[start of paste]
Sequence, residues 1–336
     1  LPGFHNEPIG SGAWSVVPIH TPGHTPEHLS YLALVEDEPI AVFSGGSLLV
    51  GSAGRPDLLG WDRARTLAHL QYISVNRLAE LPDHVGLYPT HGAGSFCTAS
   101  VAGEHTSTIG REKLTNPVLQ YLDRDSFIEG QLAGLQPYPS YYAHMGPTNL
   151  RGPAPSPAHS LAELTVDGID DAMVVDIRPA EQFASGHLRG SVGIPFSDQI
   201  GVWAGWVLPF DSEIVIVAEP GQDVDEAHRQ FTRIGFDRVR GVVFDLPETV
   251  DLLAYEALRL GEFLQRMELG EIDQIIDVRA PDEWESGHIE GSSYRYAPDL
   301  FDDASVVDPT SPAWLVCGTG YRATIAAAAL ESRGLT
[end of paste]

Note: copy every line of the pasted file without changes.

Sequence, residues 1–336
     1  LPGFHNEPIG SGAWSVVPIH TPGHTPEHLS YLALVEDEPI AVFSGGSLLV
    51  GSAGRPDLLG WDRARTLAHL QYISVNRLAE LPDHVGLYPT HGAGSFCTAS
   101  VAGEHTSTIG REKLTNPVLQ YLDRDSFIEG QLAGLQPYPS YYAHMGPTNL
   151  RGPAPSPAHS LAELTVDGID DAMVVDIRPA EQFASGHLRG SVGIPFSDQI
   201  GVWAGWVLPF DSEIVIVAEP GQDVDEAHRQ FTRIGFDRVR GVVFDLPETV
   251  DLLAYEALRL GEFLQRMELG EIDQIIDVRA PDEWESGHIE GSSYRYAPDL
   301  FDDASVVDPT SPAWLVCGTG YRATIAAAAL ESRGLT